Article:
By Matteo Soranzo
Poetry and identification in Quattrocento Naples techniques poems as acts of cultural id via analyzing how a gaggle of authors used poetry to strengthen a poetic kind, whereas additionally showing their place towards the tradition of others. ranging from an research of Giovanni Pontano's Parthenopeus and De Amore Coniugali, through a dialogue of Jacopo Sannazaro's Arcadia, Matteo Soranzo hyperlinks the genesis and subject matters of those texts to the social, political and highbrow vicissitudes of Naples less than the domination of Kings Alfonso and Ferrante. Delving additional into Pontano's literary and astrological creation, Soranzo illustrates the consolidation and eventual dispersion of this author's legacy through the symbolic worth hooked up to his masterpiece Urania, and on the genesis of Sannazaro's De Partu Virginis. The concepts of poets writing in neo-Latin and the vernacular throughout the Aragonese domination, during this means, are used not just as old proof, but additionally to open a discussion with New Historicism and the social sciences.
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Extra resources for Poetry and Identity in Quattrocento Naples. Matteo Soranzo
This poem is phrased as a recusatio addressed to the poet’s Muse, in which the author adduces his Umbrian origin as the reason why his poetic style is not fit to venture into epic poetry. , Umbria] said: “My boy, please come into this cave of the mossy fount, come under its shelter. ”18 Ventura, “Le ambiguità di un privilegio,” 388–9. Marino, Becoming Neapolitan, 2–3, 232–3. 18 Pontano, Parthenopeus, I, 18, 30–36: “Audiit irrigui coerula nympha loci, / atque 16 17 ait: ‘Antra, puer, muscosi fontis et ista / tecta petas, en haec quae tibi serta paro; / si mecum Poetry and Patria 35 The meaning of this enigmatic passage, which adopts classical mythology to conceal a stylistic discussion, is that Umbria is the origin of the poet’s mission as an elegiac poet.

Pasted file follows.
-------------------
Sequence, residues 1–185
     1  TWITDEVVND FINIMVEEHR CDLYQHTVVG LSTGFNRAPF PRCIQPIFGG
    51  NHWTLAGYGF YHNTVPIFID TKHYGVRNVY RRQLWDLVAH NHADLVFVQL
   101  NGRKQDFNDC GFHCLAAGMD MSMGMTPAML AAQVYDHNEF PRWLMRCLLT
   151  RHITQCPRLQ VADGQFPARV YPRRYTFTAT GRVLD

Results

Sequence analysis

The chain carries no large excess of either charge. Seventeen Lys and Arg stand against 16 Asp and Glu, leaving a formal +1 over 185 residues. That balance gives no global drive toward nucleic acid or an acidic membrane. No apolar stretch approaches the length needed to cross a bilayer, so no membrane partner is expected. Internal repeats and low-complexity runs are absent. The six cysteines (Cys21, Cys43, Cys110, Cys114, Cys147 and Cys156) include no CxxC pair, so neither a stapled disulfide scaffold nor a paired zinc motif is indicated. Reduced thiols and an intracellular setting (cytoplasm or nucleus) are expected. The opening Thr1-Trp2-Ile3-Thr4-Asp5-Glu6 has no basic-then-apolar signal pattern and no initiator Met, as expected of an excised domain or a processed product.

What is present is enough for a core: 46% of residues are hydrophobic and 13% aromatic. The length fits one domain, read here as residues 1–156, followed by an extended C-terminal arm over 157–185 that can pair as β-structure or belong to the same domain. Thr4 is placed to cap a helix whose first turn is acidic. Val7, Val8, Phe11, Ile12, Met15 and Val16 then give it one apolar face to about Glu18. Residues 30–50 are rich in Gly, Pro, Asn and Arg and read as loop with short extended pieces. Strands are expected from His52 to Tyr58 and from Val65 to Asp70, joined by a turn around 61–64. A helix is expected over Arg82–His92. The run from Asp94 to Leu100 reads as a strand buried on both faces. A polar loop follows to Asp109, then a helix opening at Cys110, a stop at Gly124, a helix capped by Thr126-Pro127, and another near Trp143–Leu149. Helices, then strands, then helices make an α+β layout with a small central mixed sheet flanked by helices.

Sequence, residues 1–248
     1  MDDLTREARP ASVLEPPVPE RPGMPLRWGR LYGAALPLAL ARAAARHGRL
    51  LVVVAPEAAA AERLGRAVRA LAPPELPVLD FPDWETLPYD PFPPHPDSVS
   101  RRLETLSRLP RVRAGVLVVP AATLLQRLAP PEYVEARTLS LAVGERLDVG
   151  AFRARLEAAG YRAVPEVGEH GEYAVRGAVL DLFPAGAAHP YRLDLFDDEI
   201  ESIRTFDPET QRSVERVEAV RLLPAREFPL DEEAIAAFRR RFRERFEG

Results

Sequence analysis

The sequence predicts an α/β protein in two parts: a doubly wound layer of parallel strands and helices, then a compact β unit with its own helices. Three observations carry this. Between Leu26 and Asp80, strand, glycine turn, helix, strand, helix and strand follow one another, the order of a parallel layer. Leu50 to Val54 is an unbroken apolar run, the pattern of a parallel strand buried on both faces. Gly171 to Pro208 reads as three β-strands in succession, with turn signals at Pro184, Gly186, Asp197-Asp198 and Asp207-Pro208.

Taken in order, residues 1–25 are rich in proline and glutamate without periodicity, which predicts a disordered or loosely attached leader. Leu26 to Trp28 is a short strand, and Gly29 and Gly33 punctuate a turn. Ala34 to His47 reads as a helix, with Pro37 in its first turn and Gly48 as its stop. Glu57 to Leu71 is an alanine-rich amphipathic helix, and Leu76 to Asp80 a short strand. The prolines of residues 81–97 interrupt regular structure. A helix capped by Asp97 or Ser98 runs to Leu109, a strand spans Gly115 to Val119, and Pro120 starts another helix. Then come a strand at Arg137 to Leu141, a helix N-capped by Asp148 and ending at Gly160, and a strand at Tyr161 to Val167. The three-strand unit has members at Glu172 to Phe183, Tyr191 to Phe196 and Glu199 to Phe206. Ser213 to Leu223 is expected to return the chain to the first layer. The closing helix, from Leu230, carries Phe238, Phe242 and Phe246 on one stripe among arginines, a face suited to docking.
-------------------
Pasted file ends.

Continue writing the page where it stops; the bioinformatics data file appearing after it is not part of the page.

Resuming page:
This locus amoenus is presented as the setting for a performance of the poet’s amores, a word that may be referred to generic love songs, but I suggest interpreting it as a specific reference to the old title of Pontano’s collection. This is confirmed by the characterization of Fannia not only as the poet’s lover and listener, but also as a sort of editor who selects her lover’s still unpublished poems. In a way, this choice creates a parallel between the world of myth and the poet’s world, and the same locus amoenus is described as the background of Sebethus’ love songs for Doris, thus foreshadowing the poet’s love poems for Fannia: Let us ascend the dark shore here right toward the placid fount, where shining Sebethus waters its fields; here we will recite to the rivers these unpublished Amores, which Fannia, sprung forth in my fame, reads.
36 Beccadelli, Hermaphrodite, 214. ” In quoting from Beccadelli’s Hermaphrodite, I have used Holt Parker’s translation. 38 Pontano’s Catullus, however, is not only a model for light-hearted love poetry and epigrams as established by Martial. For an attentive reader of Ovid’s Amores like Pontano, Catullus was also a precursor of Augustan elegy. So, if the common perception of Catullus filtered by Martial influenced Pontano’s poems in hendecasyllables, his poems in elegiac couplets betray a tendency to read the same poet in conjunction with Augustan elegists Tibullus and Propertius.
Poetry and Identity in Quattrocento Naples. Matteo Soranzo by Matteo Soranzo